Monday, October 8, 2007
DPP Solutions: HMI
In the realm of continuous lighting, these lamps are king, and for good reason
Even though strobes are favored by many pros, there's definitely a core group who prefers continuous lights and, in particular, HMIs. They have a phenomenal watt-to-luminance ratio, produce comparatively little heat, are flicker-free, and emit a quality of light that's something to behold. The highlights and shadows they create and the way they bring out the detail in a model's hair or the textures in clothing is unique. Everything seems to sparkle more and have more depth.
Yes, HMIs are expensive (really, really expensive). That's why a majority of pros who use them simply rent as needed, and even that can run over $1,000 a day if you want a three-light setup with a 2.5K ARRI Fresnel and two 4Ks. But it's money well spent (especially if you get to pass it along to the client).
What's So Special About HMI?
At 5600 Kelvin, the bulbs are daylight-balanced, which is a big advantage if you're shooting outside and want to match the ambient light or if you're shooting indoors and want to replicate sunlight. You won't run into white-balance issues as you would when using tungsten lights with a noticeably warmer color temperature of 3200K to 3400K, which can wreak havoc with skin tones.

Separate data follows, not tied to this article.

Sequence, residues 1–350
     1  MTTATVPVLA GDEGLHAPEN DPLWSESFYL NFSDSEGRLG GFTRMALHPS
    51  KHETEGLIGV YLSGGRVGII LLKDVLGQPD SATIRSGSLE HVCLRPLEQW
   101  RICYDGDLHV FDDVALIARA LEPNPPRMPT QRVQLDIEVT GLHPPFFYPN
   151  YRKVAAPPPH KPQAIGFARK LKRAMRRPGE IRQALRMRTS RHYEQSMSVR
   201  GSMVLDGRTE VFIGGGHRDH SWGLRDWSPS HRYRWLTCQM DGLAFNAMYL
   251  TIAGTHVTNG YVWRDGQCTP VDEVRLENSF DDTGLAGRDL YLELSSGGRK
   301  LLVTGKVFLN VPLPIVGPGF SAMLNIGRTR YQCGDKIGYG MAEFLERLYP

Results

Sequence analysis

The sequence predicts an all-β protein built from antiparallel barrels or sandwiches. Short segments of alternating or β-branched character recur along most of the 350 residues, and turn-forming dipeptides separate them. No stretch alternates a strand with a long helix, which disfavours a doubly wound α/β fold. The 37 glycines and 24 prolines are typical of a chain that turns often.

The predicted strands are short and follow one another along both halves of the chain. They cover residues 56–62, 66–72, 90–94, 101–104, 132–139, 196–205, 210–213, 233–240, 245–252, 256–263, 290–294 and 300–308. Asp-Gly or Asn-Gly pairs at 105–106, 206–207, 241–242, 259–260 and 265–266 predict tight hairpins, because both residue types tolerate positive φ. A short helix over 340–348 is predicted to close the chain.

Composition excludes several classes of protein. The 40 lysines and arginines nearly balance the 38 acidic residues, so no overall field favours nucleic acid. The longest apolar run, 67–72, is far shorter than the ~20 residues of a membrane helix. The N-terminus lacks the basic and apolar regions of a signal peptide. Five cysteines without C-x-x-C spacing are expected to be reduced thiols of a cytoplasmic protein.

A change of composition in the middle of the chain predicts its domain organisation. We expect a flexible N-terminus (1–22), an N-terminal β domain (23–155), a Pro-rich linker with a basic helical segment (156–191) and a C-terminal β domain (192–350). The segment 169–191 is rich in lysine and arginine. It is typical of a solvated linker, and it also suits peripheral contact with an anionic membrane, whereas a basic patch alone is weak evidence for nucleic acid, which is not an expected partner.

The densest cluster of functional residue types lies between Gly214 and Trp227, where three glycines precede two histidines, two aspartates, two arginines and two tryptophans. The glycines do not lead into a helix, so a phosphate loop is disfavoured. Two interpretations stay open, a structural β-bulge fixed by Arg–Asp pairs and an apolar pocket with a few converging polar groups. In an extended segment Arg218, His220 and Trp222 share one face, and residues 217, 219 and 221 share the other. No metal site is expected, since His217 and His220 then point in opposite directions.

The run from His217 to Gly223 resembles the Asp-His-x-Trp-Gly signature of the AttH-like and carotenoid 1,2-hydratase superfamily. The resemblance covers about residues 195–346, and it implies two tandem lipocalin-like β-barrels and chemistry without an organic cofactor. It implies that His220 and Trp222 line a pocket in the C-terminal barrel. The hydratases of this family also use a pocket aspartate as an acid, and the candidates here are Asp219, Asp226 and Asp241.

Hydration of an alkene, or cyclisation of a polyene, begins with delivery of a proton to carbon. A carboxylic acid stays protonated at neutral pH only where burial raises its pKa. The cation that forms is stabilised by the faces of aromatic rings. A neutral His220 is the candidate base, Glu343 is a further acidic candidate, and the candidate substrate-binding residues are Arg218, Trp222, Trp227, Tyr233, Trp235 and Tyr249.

Because of their origins in the film industry, HMIs are flicker-free, so you can use a greater range of aperture and shutter speeds and experiment with a little motion blur if you prefer. Flicker is caused by the alternating current powering a lamp, so if this wasn't corrected by the HMI's ballast, you'd only get half your frame at certain shutter speeds.
HMI bulbs are very efficient as well, producing four to five times the output per watt compared to standard filament bulbs, so a lot less power is needed and a lot less heat is generated. With a 2000-watt HMI, you'd need an 8000- to 10,000-watt bulb in quartz or tungsten to have the same output.
What makes this possible is how HMI light is actually made. As in arc welding, an electrical current is created between two electrodes, which gives the light some unique characteristics besides output-per-watt and color temperature. There's a crispness of the arc source, which photographers often desire. It gives a sharp shadow because the light is being created from a very small point source.